• Choose fresh (or chilled) natural food as far as possible.
  • Use natural food (e.g. ginger, spring onion, garlic, pepper) instead of salt and soy sauce as seasoning.
  • Minimise the consumption of prepackaged sauce or soup base. Consume "low-sodium" food in moderation.
  • Rinse pickled or canned vegetables in boiling water to remove excessive salt or avoid them entirely.
  • Minimise the consumption of processed or canned food (e.g. ham, bacon, sausages, cheese, silky pork, fermented black soybean, canned soup, instant noodles, etc).
  • Avoid using condiments high in sodium (e.g. soy sauce, garlic salt, MSG, ketchup, chili sauce, seafood sauce, barbecue sauce, oyster sauce, soda powder, etc).
  • Minimise the consumption of preserved food (e.g. lap-mei (preserved pork), salted fish/egg, lo-mei/siu-mei, soy sauce chicken/baked salted chicken, lime preserved egg, preserved mustard ("mui choy")/preserved Sichuan mustard/preserved cabbage etc).
Mrs Lau :

When eating out:

  • Select dishes that are prepared with natural condiments and cooked with less gravies or sauces. Ask for sauces to be served on the side.
  • Taste before spicing. Add salt or condiment sauces only when dishes taste too light or mild.
  • Read nutrition labels before buying prepackaged food. Pay attention to the sodium content and choose the same type of food that is lower in sodium.
Sam : My classmates like to eat savoury snacks. Some of them even prefer rice soaked in gravy. I have to tell them that taking in too much sodium in our diet will increase the risk of hypertension and stroke in the long run.
Mrs Lau :

Good boy!

Ah, here it is. Tonight, I'll cook your favourite "low-sodium lo-shui chicken drumsticks" with this bottle of reduced -sodium black soy sauce and Chinese prickly ash and star anise.
"Hurrah for Mom!" Dr Lau and Sam said in unison.

News on New Dishes

Innovative Cantonese Cuisine – Steamed Bamboo Pith Rolls with Black Fungi and Bean Curd

"All delicious food is in Canton ", as the saying goes. Cantonese cuisine stresses five aspects of flavour and six aspects of taste. For the five aspects of flavour, the dishes should be aromatic, tender or smooth, oily but not too greasy and rich but not too strong. Regarding the six aspects of taste, attention is paid to sourness, sweetness, bitterness, hotness, saltiness and freshness of the food. As a Cantonese restaurant famous for its contemporary "original flavour" dishes, Jasmine Garden not only preserves the above-mentioned aspects of Cantonese cuisine, but also introduces the elements of health and food safety into cooking to tie in with the modern trend of dining. In this issue of News on New Dishes, we have invited Chef Mark KO Wai-yuen from Jasmine Garden to demonstrate how to prepare a dish filled with poetic beauty – Steamed Bamboo Pith Rolls with Black Fungi and Bean Curd.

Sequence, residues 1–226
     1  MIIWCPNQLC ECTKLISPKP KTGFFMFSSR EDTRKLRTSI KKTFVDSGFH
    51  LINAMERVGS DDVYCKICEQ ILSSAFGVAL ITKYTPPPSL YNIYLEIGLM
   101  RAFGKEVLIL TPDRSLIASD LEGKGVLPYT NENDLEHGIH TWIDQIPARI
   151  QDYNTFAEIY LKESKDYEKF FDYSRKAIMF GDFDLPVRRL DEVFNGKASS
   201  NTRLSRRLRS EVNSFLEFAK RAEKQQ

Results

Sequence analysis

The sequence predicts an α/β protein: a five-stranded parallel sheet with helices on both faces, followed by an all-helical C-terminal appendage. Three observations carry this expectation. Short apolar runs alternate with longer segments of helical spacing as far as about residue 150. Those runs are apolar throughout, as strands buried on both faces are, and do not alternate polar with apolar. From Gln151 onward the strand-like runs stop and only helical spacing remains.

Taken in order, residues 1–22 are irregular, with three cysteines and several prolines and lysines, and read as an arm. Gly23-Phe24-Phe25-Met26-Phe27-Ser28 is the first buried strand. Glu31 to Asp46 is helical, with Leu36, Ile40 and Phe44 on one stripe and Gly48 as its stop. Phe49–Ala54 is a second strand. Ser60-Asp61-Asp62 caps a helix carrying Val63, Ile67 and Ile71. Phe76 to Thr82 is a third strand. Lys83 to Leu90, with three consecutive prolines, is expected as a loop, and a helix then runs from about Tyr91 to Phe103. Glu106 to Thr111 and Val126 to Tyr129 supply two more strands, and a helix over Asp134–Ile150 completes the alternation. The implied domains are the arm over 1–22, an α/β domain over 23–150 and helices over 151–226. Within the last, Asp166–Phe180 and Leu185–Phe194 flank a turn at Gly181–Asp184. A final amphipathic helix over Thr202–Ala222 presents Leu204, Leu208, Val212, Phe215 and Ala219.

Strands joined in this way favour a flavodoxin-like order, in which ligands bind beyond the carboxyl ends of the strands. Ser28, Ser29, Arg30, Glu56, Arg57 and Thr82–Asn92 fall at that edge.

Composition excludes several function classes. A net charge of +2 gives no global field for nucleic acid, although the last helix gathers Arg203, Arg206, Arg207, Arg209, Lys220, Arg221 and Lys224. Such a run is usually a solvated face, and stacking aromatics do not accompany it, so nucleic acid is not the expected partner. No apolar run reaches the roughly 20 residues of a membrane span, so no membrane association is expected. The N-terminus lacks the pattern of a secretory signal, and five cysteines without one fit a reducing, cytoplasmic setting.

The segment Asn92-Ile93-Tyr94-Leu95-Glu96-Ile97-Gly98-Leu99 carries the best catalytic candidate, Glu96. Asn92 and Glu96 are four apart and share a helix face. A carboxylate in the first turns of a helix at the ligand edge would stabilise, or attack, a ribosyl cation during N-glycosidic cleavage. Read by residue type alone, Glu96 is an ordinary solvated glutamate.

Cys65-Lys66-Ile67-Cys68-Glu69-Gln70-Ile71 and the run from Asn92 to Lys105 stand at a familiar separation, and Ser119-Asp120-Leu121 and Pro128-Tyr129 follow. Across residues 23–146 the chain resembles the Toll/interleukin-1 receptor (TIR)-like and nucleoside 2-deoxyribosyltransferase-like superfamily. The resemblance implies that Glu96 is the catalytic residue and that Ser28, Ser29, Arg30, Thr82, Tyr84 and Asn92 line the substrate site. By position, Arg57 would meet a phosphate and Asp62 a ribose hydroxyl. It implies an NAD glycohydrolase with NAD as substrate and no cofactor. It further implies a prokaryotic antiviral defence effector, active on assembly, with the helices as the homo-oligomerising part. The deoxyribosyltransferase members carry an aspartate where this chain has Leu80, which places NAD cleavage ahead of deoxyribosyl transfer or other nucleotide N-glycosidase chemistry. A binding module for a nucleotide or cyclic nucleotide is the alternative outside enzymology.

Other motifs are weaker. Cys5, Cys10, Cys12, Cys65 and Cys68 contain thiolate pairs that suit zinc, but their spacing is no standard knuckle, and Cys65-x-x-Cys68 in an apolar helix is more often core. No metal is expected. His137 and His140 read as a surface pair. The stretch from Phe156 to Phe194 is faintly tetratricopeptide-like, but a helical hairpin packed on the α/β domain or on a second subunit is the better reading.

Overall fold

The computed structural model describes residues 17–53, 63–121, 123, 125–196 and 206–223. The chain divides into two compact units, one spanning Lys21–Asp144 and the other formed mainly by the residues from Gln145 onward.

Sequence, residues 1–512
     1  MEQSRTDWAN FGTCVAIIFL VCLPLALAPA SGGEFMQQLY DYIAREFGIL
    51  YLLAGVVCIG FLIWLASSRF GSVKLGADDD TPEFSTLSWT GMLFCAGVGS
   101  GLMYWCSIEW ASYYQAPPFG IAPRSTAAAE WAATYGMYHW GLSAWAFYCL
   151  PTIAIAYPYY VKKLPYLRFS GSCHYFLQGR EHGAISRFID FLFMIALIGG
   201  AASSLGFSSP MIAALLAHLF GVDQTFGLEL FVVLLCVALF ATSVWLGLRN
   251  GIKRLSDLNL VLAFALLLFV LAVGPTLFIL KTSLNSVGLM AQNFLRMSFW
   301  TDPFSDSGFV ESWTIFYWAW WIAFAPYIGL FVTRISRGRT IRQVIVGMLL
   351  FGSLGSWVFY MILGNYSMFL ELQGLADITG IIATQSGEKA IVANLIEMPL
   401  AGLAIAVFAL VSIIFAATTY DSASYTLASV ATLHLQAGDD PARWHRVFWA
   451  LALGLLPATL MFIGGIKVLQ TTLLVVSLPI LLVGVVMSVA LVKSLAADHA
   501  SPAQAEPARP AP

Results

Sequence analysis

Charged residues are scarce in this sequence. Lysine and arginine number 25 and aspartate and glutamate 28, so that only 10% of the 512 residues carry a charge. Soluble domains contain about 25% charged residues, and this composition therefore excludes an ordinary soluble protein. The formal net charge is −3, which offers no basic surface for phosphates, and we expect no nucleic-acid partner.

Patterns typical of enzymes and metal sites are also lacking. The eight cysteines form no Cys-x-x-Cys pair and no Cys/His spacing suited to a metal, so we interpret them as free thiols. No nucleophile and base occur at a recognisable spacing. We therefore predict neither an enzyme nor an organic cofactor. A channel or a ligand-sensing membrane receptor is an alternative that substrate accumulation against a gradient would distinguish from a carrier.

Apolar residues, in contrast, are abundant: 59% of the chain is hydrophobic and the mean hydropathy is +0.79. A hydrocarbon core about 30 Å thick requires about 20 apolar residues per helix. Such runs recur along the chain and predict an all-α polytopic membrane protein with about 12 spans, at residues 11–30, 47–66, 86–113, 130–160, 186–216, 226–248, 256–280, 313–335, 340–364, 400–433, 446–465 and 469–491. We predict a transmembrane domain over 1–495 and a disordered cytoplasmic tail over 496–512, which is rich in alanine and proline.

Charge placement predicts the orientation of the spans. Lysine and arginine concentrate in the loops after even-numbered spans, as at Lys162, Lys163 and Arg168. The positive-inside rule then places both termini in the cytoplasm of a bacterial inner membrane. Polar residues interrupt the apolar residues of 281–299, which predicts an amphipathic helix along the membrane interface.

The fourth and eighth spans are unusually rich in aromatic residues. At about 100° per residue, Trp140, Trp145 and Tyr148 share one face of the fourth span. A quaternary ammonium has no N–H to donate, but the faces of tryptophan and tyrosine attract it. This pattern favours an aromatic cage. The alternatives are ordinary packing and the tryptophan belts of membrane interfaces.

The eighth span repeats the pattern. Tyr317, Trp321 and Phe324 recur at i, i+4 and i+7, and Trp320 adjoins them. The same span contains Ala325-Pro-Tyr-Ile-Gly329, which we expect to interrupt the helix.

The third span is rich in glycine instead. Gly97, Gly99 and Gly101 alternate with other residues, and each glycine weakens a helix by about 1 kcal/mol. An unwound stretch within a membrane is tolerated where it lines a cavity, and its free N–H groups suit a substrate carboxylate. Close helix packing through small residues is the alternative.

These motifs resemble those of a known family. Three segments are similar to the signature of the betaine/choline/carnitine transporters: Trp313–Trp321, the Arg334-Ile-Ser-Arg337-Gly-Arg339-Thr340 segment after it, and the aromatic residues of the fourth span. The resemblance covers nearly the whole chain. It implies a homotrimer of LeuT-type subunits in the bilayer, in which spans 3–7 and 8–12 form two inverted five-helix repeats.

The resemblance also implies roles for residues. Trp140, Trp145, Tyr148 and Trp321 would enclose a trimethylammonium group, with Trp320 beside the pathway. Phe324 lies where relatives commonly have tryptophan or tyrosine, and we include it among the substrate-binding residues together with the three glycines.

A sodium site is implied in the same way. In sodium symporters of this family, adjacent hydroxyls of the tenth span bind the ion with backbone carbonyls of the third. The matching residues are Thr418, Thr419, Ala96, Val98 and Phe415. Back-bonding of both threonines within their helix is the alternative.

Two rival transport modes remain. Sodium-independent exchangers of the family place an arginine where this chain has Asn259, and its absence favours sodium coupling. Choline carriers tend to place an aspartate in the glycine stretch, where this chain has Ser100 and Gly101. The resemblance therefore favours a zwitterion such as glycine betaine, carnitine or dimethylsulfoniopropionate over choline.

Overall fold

Steamed Bamboo Pith Rolls with Black Fungi and Bean Curd

  Preparation Steps Getting to know more
Soaking Soak the bamboo pith and dried black moss in water separately for 2 to 3 hours. Soaking softens the bamboo pith and dried black moss. This step not only prepares them for further handling, but also removes contaminants such as sand and mud effectively.
Blanching Blanch the bamboo pith, shredded fillings (dried bean curd, carrots, black fungi and vegetarian chicken) and garnishes (Chinese wolfberries and young soya beans) in hot water separately for a short while. Drain them dry. Ingredients blanched for a short while can absorb flavours better. Blanching can also remove possible pesticide residues.
Stir-frying Stir-fry the fillings in wok briskly and season with chicken soup. Add corn flour water to thicken the sauce. Brisk stir-frying retains the nutrients of food. It also cooks food thoroughly without sacrificing the colour, aroma and flavour of the food.
Steaming When the fillings have cooled down a little, pipe it into the bamboo pith rolls with a piping bag. Put the dish in the steam cabinet to steam for 5 minutes. The fillings can either be piped into the bamboo pith rolls right away or be left to cool down for later use at a temperature of 4 ℃ or below. However, to ensure food safety, it should not be stored at room temperature for more than 4 hours.
Saucing Prepare the sauce with chicken soup, salt, sugar, pepper powder and corn flour water. Pour the thickened sauce onto the bamboo pith rolls. Garnish the dish with Chinese wolfberries and young soya beans. Ensure that the chicken soup has been kept boiling for at least 1 minute before pouring it onto the steamed bamboo pith rolls.

Tips from KO:

Chef KO from Jasmine Garden told us about their measures for safeguarding food safety.

Chef KO demonstrates how to prepare "Steamed Bamboo Pith Rolls with Black Fungi and Bean Curd"
  1. Buy ingredients from reliable suppliers to ensure guaranteed qualities and hygiene standards of the food purchased.